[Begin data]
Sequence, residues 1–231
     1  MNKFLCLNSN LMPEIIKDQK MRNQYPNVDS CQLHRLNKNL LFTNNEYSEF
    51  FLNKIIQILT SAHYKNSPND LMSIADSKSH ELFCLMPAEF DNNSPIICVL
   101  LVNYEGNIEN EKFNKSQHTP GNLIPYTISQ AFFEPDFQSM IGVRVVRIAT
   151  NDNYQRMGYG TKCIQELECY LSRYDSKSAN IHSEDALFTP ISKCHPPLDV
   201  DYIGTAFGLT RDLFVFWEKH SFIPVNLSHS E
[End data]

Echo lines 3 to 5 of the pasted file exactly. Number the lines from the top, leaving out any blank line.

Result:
    51  FLNKIIQILT SAHYKNSPND LMSIADSKSH ELFCLMPAEF DNNSPIICVL
   101  LVNYEGNIEN EKFNKSQHTP GNLIPYTISQ AFFEPDFQSM IGVRVVRIAT
   151  NDNYQRMGYG TKCIQELECY LSRYDSKSAN IHSEDALFTP ISKCHPPLDV